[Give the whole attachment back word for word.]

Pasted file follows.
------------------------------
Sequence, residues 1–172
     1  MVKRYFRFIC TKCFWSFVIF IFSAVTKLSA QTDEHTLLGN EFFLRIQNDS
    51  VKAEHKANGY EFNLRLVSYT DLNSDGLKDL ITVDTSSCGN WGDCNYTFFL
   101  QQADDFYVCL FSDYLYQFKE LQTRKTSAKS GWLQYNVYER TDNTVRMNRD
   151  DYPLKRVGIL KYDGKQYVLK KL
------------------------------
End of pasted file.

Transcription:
Sequence, residues 1–172
     1  MVKRYFRFIC TKCFWSFVIF IFSAVTKLSA QTDEHTLLGN EFFLRIQNDS
    51  VKAEHKANGY EFNLRLVSYT DLNSDGLKDL ITVDTSSCGN WGDCNYTFFL
   101  QQADDFYVCL FSDYLYQFKE LQTRKTSAKS GWLQYNVYER TDNTVRMNRD
   151  DYPLKRVGIL KYDGKQYVLK KL